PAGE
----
Crucial public inquiry coming over Milton Keynes house built too large

A bid by two councillors to withdraw and rethink enforcement action over a house that was built too large was thrown out at a special meeting on Monday.

Tuesday, 28th January 2020, 10:52 pm
Updated Tuesday, 28th January 2020, 10:54 pm

Milton Keynes Council has got itself into an almighty tangle with enforcement notices to correct alleged breaches of planning control at the bungalow that was turned into a house in Willen.It has even involved the government’s planning inspectorate, in an unprecedented letter, telling the council that errors in one of the notices make it null and void.

The householder in Portland Drive has appealed to the government over enforcement notices, and a refusal of planning permission. A public inquiry is due to start on March 11.

At a special meeting of Milton Keynes Council’s development control committee on Monday, councillors decided not to exclude the press and public.

Monday's development control committee

The council chamber included a dozen Willen residents and a journalist who had spoken out to keep the issues in the public domain.

But councillors kept their fingers finely balanced over the eject button just in case they strayed too far into discussing legal tactics. The council has a barrister preparing a defence of its actions.

Two councillors, Andrew Geary (Cons, Olney) and Terry Baines (Cons, Campbell Park & Old Woughton), threw a possible spanner in the council’s works by proposing ripping up and starting again. It’s a move supported by residents who want the house demolished.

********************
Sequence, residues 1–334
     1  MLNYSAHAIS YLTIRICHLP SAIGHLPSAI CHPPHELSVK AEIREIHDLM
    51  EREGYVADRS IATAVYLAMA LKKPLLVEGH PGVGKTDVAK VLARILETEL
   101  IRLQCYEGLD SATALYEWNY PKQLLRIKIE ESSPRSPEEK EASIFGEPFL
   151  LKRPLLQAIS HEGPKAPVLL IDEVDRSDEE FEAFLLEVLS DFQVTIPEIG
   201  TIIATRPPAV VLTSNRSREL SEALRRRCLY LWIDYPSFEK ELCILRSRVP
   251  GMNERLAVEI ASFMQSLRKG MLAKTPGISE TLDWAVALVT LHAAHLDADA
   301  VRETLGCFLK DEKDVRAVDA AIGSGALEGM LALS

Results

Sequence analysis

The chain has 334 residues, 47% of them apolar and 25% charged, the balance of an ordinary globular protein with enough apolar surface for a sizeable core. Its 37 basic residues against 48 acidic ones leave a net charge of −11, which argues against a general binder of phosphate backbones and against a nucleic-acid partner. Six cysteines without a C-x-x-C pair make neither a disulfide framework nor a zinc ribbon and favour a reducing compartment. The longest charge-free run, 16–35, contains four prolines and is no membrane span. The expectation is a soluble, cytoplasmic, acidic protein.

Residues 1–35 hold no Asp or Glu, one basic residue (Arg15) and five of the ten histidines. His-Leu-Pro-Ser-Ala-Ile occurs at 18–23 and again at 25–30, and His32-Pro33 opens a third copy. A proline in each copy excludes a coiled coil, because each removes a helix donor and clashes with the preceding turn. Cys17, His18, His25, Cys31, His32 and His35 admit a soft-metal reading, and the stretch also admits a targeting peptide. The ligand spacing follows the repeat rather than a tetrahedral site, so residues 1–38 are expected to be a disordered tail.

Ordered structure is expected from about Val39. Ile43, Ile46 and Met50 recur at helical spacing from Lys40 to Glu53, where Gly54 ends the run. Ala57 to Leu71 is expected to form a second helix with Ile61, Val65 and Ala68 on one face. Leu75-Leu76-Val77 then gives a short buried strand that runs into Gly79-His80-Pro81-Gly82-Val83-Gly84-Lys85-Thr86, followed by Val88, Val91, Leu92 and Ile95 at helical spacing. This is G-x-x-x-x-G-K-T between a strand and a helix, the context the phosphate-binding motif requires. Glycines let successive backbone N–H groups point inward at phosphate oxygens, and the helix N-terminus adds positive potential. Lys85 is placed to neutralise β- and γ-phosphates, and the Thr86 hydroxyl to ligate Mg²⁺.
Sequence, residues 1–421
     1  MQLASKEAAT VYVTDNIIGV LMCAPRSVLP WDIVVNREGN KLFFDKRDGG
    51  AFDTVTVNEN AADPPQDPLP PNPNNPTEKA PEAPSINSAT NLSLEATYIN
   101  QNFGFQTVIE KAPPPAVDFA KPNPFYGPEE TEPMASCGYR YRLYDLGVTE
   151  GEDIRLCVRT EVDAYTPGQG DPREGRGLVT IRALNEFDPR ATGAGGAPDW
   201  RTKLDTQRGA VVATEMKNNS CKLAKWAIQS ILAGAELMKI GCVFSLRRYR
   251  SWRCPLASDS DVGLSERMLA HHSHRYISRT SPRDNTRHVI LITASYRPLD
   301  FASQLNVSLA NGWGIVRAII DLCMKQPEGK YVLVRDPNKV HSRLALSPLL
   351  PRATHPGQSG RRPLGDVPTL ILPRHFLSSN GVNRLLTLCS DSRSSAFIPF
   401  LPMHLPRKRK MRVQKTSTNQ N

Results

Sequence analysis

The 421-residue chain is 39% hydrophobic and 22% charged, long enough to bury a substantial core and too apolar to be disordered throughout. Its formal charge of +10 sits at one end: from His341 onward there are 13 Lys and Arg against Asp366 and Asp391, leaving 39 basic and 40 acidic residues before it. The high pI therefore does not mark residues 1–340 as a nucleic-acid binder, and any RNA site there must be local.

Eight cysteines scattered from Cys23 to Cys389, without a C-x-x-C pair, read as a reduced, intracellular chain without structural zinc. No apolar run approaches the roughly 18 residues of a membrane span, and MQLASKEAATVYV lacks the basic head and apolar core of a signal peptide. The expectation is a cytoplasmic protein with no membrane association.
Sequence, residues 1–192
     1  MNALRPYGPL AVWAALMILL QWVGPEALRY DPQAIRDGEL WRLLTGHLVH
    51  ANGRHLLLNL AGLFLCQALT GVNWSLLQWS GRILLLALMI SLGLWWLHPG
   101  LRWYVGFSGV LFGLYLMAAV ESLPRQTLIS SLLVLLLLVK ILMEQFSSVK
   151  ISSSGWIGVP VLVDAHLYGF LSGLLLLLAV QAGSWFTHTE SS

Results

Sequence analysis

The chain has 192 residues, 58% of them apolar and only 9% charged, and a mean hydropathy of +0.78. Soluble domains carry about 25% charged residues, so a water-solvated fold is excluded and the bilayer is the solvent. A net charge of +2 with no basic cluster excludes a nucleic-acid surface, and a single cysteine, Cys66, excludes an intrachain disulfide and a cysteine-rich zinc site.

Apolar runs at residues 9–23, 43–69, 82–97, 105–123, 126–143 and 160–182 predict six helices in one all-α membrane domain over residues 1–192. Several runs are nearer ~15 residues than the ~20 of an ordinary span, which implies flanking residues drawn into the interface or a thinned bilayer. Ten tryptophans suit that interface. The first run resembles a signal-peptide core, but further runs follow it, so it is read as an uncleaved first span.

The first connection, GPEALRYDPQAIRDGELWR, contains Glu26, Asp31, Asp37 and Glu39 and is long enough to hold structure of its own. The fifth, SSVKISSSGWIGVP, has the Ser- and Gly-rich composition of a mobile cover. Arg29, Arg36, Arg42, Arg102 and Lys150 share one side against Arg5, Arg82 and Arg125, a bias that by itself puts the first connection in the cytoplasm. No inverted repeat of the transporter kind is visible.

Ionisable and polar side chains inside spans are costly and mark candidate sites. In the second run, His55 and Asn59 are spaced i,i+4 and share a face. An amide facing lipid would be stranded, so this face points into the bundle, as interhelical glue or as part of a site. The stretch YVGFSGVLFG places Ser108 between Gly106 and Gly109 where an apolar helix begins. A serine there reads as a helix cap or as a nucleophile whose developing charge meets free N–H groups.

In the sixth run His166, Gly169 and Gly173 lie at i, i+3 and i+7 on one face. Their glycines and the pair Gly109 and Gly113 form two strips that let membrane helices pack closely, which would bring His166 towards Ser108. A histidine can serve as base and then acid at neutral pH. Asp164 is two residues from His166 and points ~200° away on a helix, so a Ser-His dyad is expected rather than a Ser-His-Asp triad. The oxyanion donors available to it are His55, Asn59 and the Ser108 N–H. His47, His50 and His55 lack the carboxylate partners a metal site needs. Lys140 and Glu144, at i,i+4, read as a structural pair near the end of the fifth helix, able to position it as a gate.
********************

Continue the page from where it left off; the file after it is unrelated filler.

Councillors Geary and Baines argued that they want the council to take stock of the situation and consider taking other enforcement action.

But council director of growth, economy and culture, Tracy Darke, said officers wanted the “flexibility to respond to” the barrister as they develop their case in time for the public inquiry.

“We need to deal with everything as it comes forward. The landscape is changing on this every day,” she said.

She said that the council was acting “in the best interests of the council and the residents of Willen.”

Councillors are keen to maintain control over the issue, fearing that decisions they have taken may not be carried through.

Cllr Geary said it was a unique situation in his 17 years on the council, a view echoed by both Cllr Keith McLean (Cons, Olney) and Tracy Darke.

When it came to the vote, however, the Geary-Baines counter-proposal was lost by eight votes to two.

Instead, the committee decided by nine votes to two to delegate powers to officers, in consultation with the chairman and two vice-chairmen to decide what to do in the light of emerging information.

Cllr Pauline Wallis (Lab, Central MK) said: “We are splitting hairs, let’s get it done. This is good enough.

“We can’t just allow people to build what they like. I think you’ve covered all the bases.”

Residents leaving the chamber were far from happy. They wanted the council to order the demolition of the house they say dominates the area.One resident predicted that: “They’ve made this situation worse and I believe it will come back to haunt them.”